The concept behind Arcadiana, as its title suggests, is the contemplation of mythical idylls, though the relation of some of the movements to that theme can be tenuous. In seven short movements, it is arranged so that the four odd-numbered ones treat subjects relating to water, while the even-numbered ones have to do with land. Adès has even suggested that the water-based movements (“Venezia notturna,” “Auf dem Waßer zu singen,” “L’embarquement,” and “Lethe”) could be carved out as a separate suite. Be that as it may, Adès’s Venice, while it sets up a lovely barcarolle-like rocking in the viola against which a fragmented melody gathers steam, takes a turn toward Vienna near the end. His very brief Mozart pastiche (of “Magic Flute”) entitled “Das klinget so herrlich, das klinget so schön” (that sounds so glorious and beautiful), which induced us to think “We’ll be the judge of that,” was a funhouse distortion of Mozartean snippets. Similarly, the “to be sung on the water” movement, looking towards Schubert, was a bit difficult to, um, fathom other than to note its gathering frenzy. The central movement, “Et…(tango mortale)” (“dead center,” Adès dryly observed), is a contemplation of Poussin’s famous painting of a graveyard entitled “Et in Arcadia ego,” referring to death; it features fierce pizzes, ghostly slides, frenzied double-stops and other sepulchral invocations, very enjoyably piquant. The next movement, also after a painting, Watteau’s “Embarkation for the Isle of Cythera,” offers a frolicsome scene in 6/8 with happy folk getting on a boat, oblivious to the storm brewing in the distance (a fact seemingly unmarked in the music except for the last note, out of key, that links it to the next movement). That next movement, “O Albion,” is the most self-consciously “beautiful” of the piece, invoking the lost mythological kingdom of Elgar’s England, with harmonic progressions pointing to the “Nimrod” section of the Enigma Variations. Finally, “Lethe” brings us across the river of death itself, leading to oblivion, with wisps of forgetfulness in the violins against a (purposely?) forgettable melody in the cello, leading to isolated unaccompanied notes in each instrument, winking out of existence.
As noted, these movements are basically miniatures, whose effect is gained through sharp delineation and quick jabs of color, and whose affect is of oh-so-clever irony. It was a brilliant turn for the young Adès, and CQ (who have recorded it) gave it full measure in color and articulation. In fact, we were much more impressed with the piece after hearing them than we were listening to the performance available on YouTube, which is clearly a mark of how well they did it.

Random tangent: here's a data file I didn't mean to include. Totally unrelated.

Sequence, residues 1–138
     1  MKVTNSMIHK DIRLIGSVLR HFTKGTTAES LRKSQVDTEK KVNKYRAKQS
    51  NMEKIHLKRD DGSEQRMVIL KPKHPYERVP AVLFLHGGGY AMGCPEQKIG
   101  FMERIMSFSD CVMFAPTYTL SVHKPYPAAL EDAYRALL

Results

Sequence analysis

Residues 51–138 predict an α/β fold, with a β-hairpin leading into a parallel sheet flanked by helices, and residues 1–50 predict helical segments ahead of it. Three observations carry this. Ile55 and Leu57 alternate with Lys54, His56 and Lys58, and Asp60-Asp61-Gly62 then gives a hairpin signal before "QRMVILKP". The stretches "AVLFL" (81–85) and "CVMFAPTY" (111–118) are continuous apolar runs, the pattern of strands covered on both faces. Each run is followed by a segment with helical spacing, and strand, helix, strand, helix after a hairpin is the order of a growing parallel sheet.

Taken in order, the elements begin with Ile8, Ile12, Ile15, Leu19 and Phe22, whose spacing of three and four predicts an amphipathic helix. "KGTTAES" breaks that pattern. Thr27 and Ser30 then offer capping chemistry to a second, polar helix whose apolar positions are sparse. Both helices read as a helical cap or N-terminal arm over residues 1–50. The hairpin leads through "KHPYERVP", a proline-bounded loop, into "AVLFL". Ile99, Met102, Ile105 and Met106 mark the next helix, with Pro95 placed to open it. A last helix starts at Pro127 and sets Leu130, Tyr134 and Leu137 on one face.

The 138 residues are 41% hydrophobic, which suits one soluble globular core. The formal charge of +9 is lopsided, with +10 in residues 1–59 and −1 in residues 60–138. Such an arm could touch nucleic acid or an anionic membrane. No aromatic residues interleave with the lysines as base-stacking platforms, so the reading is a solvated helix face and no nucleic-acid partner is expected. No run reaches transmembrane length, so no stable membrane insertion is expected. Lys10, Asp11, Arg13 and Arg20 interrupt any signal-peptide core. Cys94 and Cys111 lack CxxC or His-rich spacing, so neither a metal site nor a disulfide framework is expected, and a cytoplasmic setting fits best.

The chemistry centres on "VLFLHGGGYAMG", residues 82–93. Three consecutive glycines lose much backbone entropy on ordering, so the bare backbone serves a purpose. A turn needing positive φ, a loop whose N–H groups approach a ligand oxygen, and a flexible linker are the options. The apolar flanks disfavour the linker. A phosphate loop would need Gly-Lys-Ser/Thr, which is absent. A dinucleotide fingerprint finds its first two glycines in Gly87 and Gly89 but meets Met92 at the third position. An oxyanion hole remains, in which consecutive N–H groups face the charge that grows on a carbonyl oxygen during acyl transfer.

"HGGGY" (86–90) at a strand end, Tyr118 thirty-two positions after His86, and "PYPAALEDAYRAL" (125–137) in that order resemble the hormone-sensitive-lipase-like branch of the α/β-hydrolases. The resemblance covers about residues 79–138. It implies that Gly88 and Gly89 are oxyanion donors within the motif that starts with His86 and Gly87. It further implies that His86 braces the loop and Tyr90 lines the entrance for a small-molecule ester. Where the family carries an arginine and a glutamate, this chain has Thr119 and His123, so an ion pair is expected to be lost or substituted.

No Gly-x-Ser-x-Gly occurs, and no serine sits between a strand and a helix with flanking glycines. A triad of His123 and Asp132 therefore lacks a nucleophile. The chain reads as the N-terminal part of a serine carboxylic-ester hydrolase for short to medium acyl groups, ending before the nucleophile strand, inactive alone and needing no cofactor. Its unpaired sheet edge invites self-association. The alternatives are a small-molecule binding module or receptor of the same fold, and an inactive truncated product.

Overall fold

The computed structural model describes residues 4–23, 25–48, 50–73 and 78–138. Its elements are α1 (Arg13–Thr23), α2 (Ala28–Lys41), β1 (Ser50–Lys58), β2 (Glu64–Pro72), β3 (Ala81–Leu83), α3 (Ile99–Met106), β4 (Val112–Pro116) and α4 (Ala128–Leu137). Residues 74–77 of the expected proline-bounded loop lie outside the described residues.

After all three of the preceding works by young composers experimenting with unusual soundscapes, it remained for the old-timer to show them how experimentation should go. Beethoven’s Quartet No. 11 in F Minor, Op. 95, which the composer called “Quartetto Serioso,” was published with Beethoven’s admonition that it should not be played in a public concert, but only privately. It is, in many ways, a much weirder piece than any of his late quartets, full of starts and stops, wildly incongruous key changes and mercurial mood swings, ending with a cheerful coda that could only have been taken as a joke by its initial performers. In the brusque and bipolar opening movement, the CQ found its dynamic mojo for the evening and provided fine pacing. In the slow movement (actually an allegretto, as in the Seventh and Eighth symphonies, but here taken slower than those) they maintained a subdued air and played beautifully through the musical pauses, a very Haydn thing to do. Momentum suffered here, though. They came roaring back for the fierce scherzo, with flexible rhythms giving an improvisatory feeling to the trio. The finale displayed excellent tension through soft dynamics before the goofily raucous ending. While this was a fine and engaging account of this piece, and it certainly gave a pointed conclusion to this program’s trajectory, it is perhaps telling that although they keep the principal Beethoven numbers in their repertoire, CQ’s discography doesn’t seem to include any of them, and from the admittedly very limited vantage point of this one example, we wouldn’t instantly think of them as a great Beethoven quartet. Still, no worries—it came together quite well.